The first overland routes in Western Virginia evolved from Indian and game trails that followed the prevailing ridges and valleys. Many of these trails formed the basis of an extensive system of turnpikes that spanned present West Virginia before the Civil War. In the late 19th century, new highway construction slowed and many established routes either devolved into local haul roads or were abandoned amid competition from the railroads.
A call to repair the state’s highway system came in the 1890s, when dedicated bicyclists allied themselves with farmers who needed decent roads to carry their produce to market. At the time, responsibility for road construction fell to the counties, and local officials concentrated on building roads to their own county seat rather than from one county to another.
With the dawn of the automobile era came a statewide Good Roads Movement, which sought ‘‘to pull West Virginia out of the mud.’’ Still, by 1909, 1,200 miles of paved highways connected only two county seats. Characterized by tight curves, high accident rates, and long driving times, many of these routes were rightly regarded as dangerous. Few travelers ventured beyond their own locality.
West Virginia launched a series of highway improvements beginning in 1917 with the creation of the State Road Commission, whose duties included building, maintaining, and classifying public roads, providing for a statewide system of connecting highways, and coordinating revenue-raising efforts. The agency also furnished information for the location, construction, and maintenance of inter-county or other main routes called Class A roads, which typically extended border to border within a county on an east-west or north-south orientation.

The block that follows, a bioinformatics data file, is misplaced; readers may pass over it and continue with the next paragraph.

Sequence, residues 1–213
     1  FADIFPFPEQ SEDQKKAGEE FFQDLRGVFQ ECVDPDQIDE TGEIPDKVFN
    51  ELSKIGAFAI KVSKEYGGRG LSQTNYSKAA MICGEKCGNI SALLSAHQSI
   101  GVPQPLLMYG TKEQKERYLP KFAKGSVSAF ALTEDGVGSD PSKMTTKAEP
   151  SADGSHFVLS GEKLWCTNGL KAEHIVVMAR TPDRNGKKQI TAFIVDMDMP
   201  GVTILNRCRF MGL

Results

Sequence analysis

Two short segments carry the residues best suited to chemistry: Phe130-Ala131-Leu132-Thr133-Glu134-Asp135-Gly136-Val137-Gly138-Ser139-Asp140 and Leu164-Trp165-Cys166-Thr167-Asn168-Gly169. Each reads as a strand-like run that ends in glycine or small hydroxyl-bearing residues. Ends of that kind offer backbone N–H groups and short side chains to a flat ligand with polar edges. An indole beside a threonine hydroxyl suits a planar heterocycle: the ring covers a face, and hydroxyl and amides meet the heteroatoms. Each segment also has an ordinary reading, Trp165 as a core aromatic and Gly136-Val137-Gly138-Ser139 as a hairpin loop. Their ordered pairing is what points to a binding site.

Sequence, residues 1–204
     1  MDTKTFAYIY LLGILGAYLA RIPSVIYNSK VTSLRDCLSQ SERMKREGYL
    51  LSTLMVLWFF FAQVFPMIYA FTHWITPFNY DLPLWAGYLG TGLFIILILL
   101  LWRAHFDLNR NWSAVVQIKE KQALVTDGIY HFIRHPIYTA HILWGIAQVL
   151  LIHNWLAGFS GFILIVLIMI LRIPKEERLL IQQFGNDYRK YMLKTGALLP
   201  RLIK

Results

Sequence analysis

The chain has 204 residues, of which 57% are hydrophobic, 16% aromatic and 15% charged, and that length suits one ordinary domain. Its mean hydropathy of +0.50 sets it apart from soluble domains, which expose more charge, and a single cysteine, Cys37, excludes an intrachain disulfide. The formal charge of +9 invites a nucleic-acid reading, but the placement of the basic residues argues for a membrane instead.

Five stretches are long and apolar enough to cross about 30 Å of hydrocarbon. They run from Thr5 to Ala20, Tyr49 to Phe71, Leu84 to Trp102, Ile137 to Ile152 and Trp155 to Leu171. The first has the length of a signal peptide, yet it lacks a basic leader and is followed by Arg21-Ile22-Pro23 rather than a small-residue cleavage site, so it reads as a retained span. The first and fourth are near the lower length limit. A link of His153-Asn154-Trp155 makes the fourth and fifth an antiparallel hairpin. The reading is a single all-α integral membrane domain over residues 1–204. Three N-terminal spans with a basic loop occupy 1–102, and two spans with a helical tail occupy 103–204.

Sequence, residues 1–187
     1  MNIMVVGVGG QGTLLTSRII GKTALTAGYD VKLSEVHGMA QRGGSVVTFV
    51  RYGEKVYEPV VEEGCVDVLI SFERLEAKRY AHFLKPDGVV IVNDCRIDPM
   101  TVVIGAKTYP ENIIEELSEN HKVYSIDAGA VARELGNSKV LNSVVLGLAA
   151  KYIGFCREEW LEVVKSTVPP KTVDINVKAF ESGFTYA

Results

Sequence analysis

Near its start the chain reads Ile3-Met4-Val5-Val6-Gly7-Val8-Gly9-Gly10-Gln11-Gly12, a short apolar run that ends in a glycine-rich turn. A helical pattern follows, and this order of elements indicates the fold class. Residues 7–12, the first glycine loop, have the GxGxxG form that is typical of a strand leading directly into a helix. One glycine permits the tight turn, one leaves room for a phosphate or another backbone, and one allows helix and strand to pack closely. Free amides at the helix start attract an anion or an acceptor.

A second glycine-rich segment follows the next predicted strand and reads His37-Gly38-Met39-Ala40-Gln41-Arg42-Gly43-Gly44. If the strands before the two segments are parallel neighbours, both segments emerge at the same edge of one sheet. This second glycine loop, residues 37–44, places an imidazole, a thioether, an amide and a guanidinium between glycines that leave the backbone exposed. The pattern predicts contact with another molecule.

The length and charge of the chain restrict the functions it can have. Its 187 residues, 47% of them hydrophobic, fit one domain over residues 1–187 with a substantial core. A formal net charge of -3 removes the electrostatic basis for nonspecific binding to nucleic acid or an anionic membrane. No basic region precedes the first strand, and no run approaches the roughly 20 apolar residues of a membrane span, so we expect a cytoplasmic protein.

In 1920, a Good Roads Amendment consolidated 4,600 miles of country roads into a state highway system. In 1922, east-west routes were assigned odd numbers and north-south routes received even numbers. The first sequentially numbered routes (1 through 4) were intended to be the main statewide thoroughfares. Routes were marked on roadside utility poles, with the original road markers consisting of two red bands six inches wide, separated by a 12-inch white strip upon which the route number was stenciled in six-inch figures. The National Road through Ohio County (originally State Route 29, now U.S. 40) used the same red, white, and blue markers as it did in Pennsylvania and Ohio.
The Federal Highway Act of 1921 directed each state to recommend for federal designation a connected road system. Funds were now available for a Federal Aid highway system of primary and secondary roads which in West Virginia totaled nearly 2,000 miles. These ‘‘FA’’ routes received separate designation independent of state roads, although a number of state road miles were included and thus became eligible for federal funds. The highway act further encouraged states to build connector routes that were ‘‘interstate in character,’’ a move that led to the establishment of a separate state road system controlled by the State Road Commission.
In late 1925, a federal board unveiled a national system of interstate routes and a uniform highway sign. Original federal routes in West Virginia included U.S. 11, U.S. 19 (replacing State Route 4), old U.S. 21, U.S. 40 (the National Road), U.S. 50 (replacing State Route 1, the old Northwestern Turnpike), and U.S. 60 (replacing portions of State Route 3, the Midland Trail). These roads still serve us today, with upgrading and some relocation of routes. U.S. highway numbers were erected on metal shield markers bearing the letters ‘‘W. Va.’’ at the top, with ‘‘U.S.’’ and the route number below in black letters and figures on white.